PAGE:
|Publication number||US4923188 A|
|Application number||US 07/262,924|
|Publication date||May 8, 1990|
|Filing date||Oct 26, 1988|
|Priority date||Oct 26, 1988|
|Also published as||EP0366167A2, EP0366167A3|
|Publication number||07262924, 262924, US 4923188 A, US 4923188A, US-A-4923188, US4923188 A, US4923188A|
|Inventors||Kenneth E. Neir|
|Export Citation||BiBTeX, EndNote, RefMan|
|Patent Citations (8), Non-Patent Citations (2), Referenced by (9), Classifications (16), Legal Events (6)|
|External Links: USPTO, USPTO Assignment, Espacenet|
A Design application Ser. No. 07/264250 filed 10-26-88 is being filed herewith.
This invention is directed to a Z-fold computer paper carrier for storing a stack of folded continuous paper sheets which are fed into a printer mechanism and for refolding printed-on sheets of that stack which have exited the printer mechanism. More particularly, the invention is directed to a free-standing Z-fold paper sheets carrier with tiered paper stack-holding troughs.
Multi-folded and edge perforated stacks of computer paper are extensively used in stand-alone computer printers and in computers which have an integrated printing/plotting mechanism. In many cases, folded paper sheets are fed direct from the paperboard box containing the Z-fold sheets or provision is made on the printer itself to hold a stack of continuous multi-folded edge perforated sheets of computer paper in a suitable rack. The type of stack is generally known interchangeably as Z-fold or fan-folded paper. The term Z-fold will be used herein to describe the type of paper stack which is carried by and refolded by the carrier of the invention. In many operations, printed-on paper is not refolded automatically but rather just exits from the rear of the printer and falls to an adjacent floor or to the rear of the printer and the operator/user must then pick-up and manually refold the whole stack or separate portions of the continuous stack into several smaller refolded stacks for subsequent use or storage. Several printer stands have been suggested and commercially sold which include an acrylic plastic folded paper storage box placed on a work surface on top of which a printer rests and a separate acrylic plastic open catch basket resting on the same work surface for refolding the finished print out; a vinyl-coated wire box under the printer with an end-attached vinyl-coated wire catch basket extending therefrom; a double-tiered vinyl-coated wire box under the printer with stored unused continuous Z-fold paper sheets in a slanted top shelf and a bottom shelf for receiving refolded sheets exiting the printer; and caster-movable floor units with or without shelves for feeding and refolding Z-fold computer paper.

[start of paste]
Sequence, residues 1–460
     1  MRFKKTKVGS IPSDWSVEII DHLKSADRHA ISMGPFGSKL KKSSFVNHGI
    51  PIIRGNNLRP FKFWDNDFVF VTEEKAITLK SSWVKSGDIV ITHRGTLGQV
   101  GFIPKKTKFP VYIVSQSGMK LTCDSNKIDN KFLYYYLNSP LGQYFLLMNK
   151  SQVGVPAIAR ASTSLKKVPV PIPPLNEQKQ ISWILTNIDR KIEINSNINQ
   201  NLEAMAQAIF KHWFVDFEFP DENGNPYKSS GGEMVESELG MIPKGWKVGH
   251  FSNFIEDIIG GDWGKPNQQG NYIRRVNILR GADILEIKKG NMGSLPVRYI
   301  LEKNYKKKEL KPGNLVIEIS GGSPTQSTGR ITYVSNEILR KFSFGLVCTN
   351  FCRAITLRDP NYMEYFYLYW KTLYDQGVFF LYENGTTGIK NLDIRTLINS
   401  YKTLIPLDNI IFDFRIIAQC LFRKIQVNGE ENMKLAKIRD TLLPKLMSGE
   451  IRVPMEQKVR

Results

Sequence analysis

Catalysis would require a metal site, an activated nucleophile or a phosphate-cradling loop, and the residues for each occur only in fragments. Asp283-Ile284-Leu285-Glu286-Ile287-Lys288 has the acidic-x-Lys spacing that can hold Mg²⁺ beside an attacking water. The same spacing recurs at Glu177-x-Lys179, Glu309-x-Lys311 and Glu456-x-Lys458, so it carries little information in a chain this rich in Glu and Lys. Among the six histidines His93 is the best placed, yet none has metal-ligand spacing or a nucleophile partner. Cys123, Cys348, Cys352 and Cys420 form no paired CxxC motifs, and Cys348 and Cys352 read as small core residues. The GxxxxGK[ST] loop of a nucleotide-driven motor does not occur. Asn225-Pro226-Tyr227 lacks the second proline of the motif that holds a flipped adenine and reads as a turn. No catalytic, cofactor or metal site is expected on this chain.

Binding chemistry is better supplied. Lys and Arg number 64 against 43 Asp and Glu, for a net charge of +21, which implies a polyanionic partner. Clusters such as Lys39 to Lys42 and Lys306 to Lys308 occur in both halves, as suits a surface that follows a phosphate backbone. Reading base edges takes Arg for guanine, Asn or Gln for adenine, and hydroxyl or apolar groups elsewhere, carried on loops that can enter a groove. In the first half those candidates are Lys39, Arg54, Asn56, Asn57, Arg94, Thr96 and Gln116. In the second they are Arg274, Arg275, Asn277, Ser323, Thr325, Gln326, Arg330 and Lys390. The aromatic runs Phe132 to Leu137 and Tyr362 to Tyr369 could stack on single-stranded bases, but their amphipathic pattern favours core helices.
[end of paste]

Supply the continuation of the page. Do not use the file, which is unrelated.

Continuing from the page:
Each of the above prior art carriers or systems take up as much again or more than the space dedicated to the printer housing itself or are stacked below the printer thus raising the printer in elevation above its normal workstation level. It is desirable that the level of the printer and especially a printer incorporated in a keyboard-containing computer or integrator not be placed at a higher level than the normal level for the human user. Further, it is desired to minimize the footprint of the carrier and to make the carrier of a minimal length so that it can fit behind a printer without interference with a work surface back wall which may be as little as two feet from the front edge of the worksurface. The carrier should also be easily movable to provide easy access for connection and disconnection of input and output cables to the printer/computer. Additionally it is highly desirous that the printed-on paper continues to be visible for reading by the user as it is exiting the printing mechanism, as it is being refolded and after it has been refolded and again stacked. Further, it is advantageous to have a construction in which an operator/user can easily manually place identifying comments or indicia on the printed data as it exits the printing mechanism and before it is fully refolded without creasing, wrinkling or tearing the continuous paper sheets. Lastly a device which allows reversal of the unfolding/refolding action is advantageous in that it allows the refolded sheets themselves to be conveyed back into the printer mechanism exit and after refolding into the normally unprinted folded sheets holder, which are then passed a second time through the printer mechanism to perform a reprint or additional print operation (e.g. an additional color presentation) on those sheets. The reprinted sheets are again refolded as they reach the refolding upper trough.